Bert merely looked at her. But after a while he tried to tell her what he thought about it, and so made their third New Year memorable to her forever.
She settled down quickly, in the new quarters; some visionary, romancing phase of Nancy's character and Nancy's roses disappeared for a time. She baked and boiled, sewed on buttons, bandaged fingers, rose gallantly to the days' demands. She learned the economical value of soups and salads, and schooled herself, at least every other day, to leave the boys for an hour or two with Elite, and walk out for a little bracing solitude. Bert watched her in admiring amazement. His wife was a wonder!
Sometimes, on a cold afternoon, she walked down to meet Bert, and they went together to dinner. Their talk was practical now, of suits and rubber overshoes and milk bills. And Nancy was too tired to walk home; they went home in the rubber-scented dampness of a surface car.
Sometimes, as she went through the morning routine, the baths, bottles, dishes, the picking up, the disheartening conferences over the ice box, she wondered what had become of the old southern belle, Nancy Barrett, who had laughed and flirted and only a few years ago, who had been such a strong and pretty and confident egotist? There was no egotism left in Nancy now, she was only a busy woman in a world of busy women. She knew backache and headache, and moods of weary irritation. The cut of her gowns, the little niceties of table-service or of children's clothing no longer concerned her. She merely wanted her family comfortable, fed and housed and clothed, and well. Nancy could advise other women about the capable handling of children, before her firstborn was three years old.
They never went to "The Old Hill House" again, but they found a primitive but comfortable hotel in the Maine woods, for Ned's second summer, and for several summers after that. Here Nancy slept and tramped and rested happily, welcoming Bert rapturously every week-end. In near-by cabins, young matrons like herself were likewise solving the children's summer problem, she was never lonely, and the eight free, pine-scented weeks were cloudlessly happy. She told Bert that it was the only sensible solution for persons in moderate circumstances; old clothes, simple food, utter solitude.
"There are no comparisons to spoil things," Nancy said, contentedly. "I know I'm small-minded, Bert. But seeing things I can't have does upset me, somehow!"
Nevertheless, she accepted the invitation that came from Bert's cousin Dorothy, one autumn, for a week-end visit. Dorothy had married now, and had a baby. She was living in a rented "place," up near Rhinecliff, she wrote, and she wanted to see something of Cousin Bert.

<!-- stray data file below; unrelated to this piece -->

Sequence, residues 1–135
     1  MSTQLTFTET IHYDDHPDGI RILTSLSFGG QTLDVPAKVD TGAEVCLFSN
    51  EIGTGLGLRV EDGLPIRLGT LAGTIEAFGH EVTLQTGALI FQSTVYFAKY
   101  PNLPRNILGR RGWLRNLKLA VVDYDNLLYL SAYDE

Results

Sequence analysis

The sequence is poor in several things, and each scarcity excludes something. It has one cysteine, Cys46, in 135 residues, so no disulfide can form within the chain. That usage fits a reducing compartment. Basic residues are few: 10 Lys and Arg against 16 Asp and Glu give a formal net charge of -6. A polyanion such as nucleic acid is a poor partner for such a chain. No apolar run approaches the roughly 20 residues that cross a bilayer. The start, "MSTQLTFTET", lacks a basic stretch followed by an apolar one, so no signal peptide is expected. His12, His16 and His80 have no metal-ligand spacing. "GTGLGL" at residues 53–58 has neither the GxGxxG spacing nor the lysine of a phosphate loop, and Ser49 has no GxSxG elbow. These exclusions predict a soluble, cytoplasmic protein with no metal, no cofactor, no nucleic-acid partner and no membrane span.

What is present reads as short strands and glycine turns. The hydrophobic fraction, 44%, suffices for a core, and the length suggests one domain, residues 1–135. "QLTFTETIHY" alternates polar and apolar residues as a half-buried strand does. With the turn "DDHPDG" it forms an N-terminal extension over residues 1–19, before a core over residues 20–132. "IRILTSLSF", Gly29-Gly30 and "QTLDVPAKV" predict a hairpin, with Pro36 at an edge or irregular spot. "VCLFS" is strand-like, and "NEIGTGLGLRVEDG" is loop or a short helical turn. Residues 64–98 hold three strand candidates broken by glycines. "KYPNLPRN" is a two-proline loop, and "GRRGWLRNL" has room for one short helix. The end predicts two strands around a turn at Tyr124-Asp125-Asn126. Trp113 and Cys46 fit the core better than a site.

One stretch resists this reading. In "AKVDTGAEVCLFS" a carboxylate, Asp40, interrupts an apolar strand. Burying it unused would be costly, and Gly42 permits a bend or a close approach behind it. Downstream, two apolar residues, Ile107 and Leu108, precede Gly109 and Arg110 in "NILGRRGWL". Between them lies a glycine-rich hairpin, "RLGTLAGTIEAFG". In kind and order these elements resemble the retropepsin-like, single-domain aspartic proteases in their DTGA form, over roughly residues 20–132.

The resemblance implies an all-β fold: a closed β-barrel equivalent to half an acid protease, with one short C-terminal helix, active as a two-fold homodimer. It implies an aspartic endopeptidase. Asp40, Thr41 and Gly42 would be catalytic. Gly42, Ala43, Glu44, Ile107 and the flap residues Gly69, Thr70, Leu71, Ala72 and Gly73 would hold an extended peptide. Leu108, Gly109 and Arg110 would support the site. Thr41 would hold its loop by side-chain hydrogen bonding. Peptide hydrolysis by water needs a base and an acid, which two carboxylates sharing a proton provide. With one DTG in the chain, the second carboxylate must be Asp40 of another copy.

Neither Bert nor Nancy could afterward remember exactly why they went. It was partly curiosity, perhaps; partly the strong lure exerted by Dorothy's casual intimation that "the car" would come for them, and that this particular week-end was "the big dance, at the club." Bert chanced to have a new suit, and Nancy had a charming blue taffeta that seemed to her good enough for any place or anybody.
The boys were asked, but they did not take them. Ned was almost two now, and Junior past three, and they behaved beautifully with Hannah, the quiet old Danish woman who had been with them since they came back from the woods, the year before. Nancy, full of excited anticipation, packed her suit-case daintily, and fluttered downstairs as happily as a girl, when a hundredth glance at the street showed the waiting motor at last.
Hawkes was the chauffeur. "To Mr. Bradley's office please, Hawkes," said Nancy. She could not think of anything friendly to say to him, as they wheeled through the streets. Bert kept them waiting, and once or twice she said "I can't think what's delaying Mr. Bradley." But Hawkes did not answer.
Presently Bert came out and greeted Nancy and Hawkes.
"But I thought Mrs. Benchley was coming into town to-day," Bert said. Dorothy was now Mrs. George Benchley. Hawkes spoke at last. "An old friend of Mrs. Benchley has unexpectedly arrived this morning, sir, and she has changed her mind." "Oh, all right," said Bert, grinning at Nancy as the pleasant drive began.
It was all wonderful; the bright autumn sunshine, the sense of freedom and leisure in the early afternoon, and the lovely roads they followed. Bert however, seemed to be thinking of his sons, and asked of them more than once. And Nancy could not rid herself of an uncomfortable suspicion that whoever Dorothy's old friend was, she had changed Dorothy's plans, and perhaps made the coming of the Bradleys untimely. Now and then husband and wife smiled at each other and said "This is fun!"